Today, business schools become less professional.
The University of Houston's College of Engineering
presents this series about the machines that make
our civilization run, and the people whose
ingenuity created them.
Luigi Salvaneschi came to
America from Italy in 1959. He'd been educated in
the classics. He found work frying hamburgers at
McDonald's. In four months he was running the
He went on to become a senior executive at
McDonald's. Next he took a vice presidency with
Kentucky Fried Chicken. He finally retired as
President of Blockbuster Entertainment.
Now Forbes Magazine runs two articles. One's about
Salvaneschi. The other is about the declining
fortunes of the fancy, expensive MBA programs.
Through the mid-50s, businesses snapped up MBAs
from prestige schools.
Now those students have a tougher time finding
jobs. Companies are weeding out their middle
management. Many companies feel that a good student
with a bachelor's degree is a better investment.
Business schools grew complacent with success in
the mid- 80's. They had plenty of students. Their
graduates drew high salaries. They stopped asking
what America really needed and whether they
provided it. At first, smug faculty didn't react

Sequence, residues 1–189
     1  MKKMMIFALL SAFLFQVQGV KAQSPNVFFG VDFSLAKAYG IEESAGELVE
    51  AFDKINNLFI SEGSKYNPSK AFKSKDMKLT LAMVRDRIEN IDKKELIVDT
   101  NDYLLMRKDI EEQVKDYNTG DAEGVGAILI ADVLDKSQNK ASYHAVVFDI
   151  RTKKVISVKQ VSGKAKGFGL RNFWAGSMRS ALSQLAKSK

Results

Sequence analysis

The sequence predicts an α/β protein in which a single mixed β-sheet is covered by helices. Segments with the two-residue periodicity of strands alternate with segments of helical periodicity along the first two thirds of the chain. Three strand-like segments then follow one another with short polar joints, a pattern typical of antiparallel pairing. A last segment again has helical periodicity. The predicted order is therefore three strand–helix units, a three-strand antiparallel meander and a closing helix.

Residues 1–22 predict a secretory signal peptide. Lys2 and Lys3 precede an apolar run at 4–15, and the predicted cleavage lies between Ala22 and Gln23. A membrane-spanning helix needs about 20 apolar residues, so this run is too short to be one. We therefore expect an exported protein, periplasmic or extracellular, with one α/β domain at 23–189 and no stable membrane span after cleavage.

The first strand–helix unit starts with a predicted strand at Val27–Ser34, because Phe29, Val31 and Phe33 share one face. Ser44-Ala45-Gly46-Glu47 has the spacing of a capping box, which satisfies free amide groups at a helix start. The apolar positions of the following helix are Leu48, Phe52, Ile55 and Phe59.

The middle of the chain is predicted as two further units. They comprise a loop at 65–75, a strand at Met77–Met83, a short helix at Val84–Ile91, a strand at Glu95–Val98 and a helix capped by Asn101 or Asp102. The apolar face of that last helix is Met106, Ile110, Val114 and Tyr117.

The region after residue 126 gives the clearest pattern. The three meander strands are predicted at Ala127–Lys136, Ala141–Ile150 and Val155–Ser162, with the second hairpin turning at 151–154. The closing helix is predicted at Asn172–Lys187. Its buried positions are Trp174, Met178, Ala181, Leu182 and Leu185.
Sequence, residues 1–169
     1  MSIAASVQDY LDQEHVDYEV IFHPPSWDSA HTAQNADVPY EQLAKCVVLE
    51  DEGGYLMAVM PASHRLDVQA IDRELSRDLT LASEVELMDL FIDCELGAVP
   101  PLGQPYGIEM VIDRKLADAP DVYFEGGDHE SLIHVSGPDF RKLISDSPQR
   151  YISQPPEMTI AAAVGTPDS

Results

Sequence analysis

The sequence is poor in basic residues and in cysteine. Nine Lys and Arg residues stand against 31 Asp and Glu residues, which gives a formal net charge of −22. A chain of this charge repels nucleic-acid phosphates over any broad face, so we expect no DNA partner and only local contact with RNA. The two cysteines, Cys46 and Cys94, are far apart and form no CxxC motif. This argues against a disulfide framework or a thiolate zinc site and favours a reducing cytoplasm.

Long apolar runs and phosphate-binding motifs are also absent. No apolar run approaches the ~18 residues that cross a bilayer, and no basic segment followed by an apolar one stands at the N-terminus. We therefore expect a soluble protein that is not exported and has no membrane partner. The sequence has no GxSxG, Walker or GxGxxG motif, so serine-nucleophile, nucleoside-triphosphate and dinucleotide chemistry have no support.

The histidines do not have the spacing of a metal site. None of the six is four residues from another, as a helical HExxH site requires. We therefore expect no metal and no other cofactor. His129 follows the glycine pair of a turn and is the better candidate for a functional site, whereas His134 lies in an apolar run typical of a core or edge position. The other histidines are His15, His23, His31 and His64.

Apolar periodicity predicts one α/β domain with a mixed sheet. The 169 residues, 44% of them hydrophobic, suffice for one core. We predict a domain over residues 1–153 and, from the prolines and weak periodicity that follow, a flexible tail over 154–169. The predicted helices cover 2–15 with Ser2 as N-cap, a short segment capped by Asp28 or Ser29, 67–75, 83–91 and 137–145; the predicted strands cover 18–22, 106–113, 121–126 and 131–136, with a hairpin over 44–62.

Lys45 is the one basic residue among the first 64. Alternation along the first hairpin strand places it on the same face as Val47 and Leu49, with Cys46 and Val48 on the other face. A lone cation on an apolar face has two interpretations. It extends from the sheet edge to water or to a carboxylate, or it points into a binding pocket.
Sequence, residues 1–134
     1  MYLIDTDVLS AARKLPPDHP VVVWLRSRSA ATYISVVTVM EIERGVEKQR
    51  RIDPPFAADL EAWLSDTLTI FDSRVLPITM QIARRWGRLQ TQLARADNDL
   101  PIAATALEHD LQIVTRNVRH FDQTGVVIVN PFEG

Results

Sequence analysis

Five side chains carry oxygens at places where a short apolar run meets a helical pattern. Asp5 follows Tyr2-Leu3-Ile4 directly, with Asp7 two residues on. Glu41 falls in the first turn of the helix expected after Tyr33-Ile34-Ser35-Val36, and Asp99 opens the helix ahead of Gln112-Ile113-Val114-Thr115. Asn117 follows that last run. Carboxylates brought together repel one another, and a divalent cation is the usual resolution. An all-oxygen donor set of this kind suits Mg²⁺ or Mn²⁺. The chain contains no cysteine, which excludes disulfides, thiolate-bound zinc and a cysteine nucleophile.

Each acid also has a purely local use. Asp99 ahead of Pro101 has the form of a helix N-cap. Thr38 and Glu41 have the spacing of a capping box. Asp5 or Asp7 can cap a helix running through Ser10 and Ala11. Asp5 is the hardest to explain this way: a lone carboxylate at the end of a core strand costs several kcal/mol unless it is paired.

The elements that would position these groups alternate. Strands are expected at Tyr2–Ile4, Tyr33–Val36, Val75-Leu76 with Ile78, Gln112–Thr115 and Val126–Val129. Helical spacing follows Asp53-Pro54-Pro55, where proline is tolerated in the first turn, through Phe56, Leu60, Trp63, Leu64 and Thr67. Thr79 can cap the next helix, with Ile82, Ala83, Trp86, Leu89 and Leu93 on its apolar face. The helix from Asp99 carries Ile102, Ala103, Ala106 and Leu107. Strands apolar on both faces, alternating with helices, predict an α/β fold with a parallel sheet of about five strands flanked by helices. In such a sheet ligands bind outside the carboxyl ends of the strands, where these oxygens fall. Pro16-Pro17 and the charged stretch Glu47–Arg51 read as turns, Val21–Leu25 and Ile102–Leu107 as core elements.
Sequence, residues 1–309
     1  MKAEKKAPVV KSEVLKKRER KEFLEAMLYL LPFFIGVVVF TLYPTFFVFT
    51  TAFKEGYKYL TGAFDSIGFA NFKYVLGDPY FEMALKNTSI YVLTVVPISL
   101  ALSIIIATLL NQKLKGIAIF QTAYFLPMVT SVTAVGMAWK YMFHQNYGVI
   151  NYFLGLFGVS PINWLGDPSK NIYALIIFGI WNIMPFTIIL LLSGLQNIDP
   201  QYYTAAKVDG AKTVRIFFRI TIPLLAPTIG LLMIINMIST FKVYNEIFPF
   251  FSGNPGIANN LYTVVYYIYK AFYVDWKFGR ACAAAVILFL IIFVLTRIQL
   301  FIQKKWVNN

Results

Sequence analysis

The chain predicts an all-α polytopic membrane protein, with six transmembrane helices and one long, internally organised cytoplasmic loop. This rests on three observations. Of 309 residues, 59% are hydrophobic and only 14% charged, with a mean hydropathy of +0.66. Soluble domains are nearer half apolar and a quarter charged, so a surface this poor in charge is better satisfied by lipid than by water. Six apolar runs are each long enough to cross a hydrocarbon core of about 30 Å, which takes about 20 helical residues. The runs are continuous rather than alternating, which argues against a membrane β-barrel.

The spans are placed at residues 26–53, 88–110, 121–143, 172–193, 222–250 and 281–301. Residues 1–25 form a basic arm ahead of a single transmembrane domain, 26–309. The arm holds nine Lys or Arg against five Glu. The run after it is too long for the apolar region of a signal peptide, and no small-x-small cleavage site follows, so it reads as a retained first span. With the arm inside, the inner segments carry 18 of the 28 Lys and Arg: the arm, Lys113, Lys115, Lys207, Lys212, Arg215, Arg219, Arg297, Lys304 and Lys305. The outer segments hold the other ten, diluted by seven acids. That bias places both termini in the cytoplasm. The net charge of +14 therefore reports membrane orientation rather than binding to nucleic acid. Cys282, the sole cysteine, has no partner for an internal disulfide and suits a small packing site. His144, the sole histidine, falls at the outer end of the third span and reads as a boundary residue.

Now Salvaneschi addresses the question. He claims
that business schools have been training
narrow-minded professionals. Graduate schools have
only made that trend worse, he says.
So what's missing? Languages, literature, and
culture, says Salvaneschi. He's read classical
Latin daily all his life. Each time he went into a
new country for McDonalds, he first learned its
language and its history. He tells us,
I did not think I would understand the markets
if I did not understand the inner thoughts of the
people that formed those markets.
He says you can learn to build a business by
reading Dante. In The Divine Comedy,
Dante builds a whole universe. He thinks through
all the details. Literature will give you that
overarching structural sense. Balance sheets alone
Salvaneschi retired early. Now he's teaching in a
young business school in Florida. They're building
a new undergraduate curriculum. They require two
foreign languages. They give courses in the
politics and culture of other countries. So the
faculty of our business schools swing into gear.
They're making changes.
But those changes have a fascinating quality. They
move back toward traditional liberal education. At
its best, business builds a country's culture. And
that's never the work of a detached professional.
In the end, Salvaneschi simply reminds us that the
creative mind is the fully human mind.
I'm John Lienhard, at the University of Houston,
where we're interested in the way inventive minds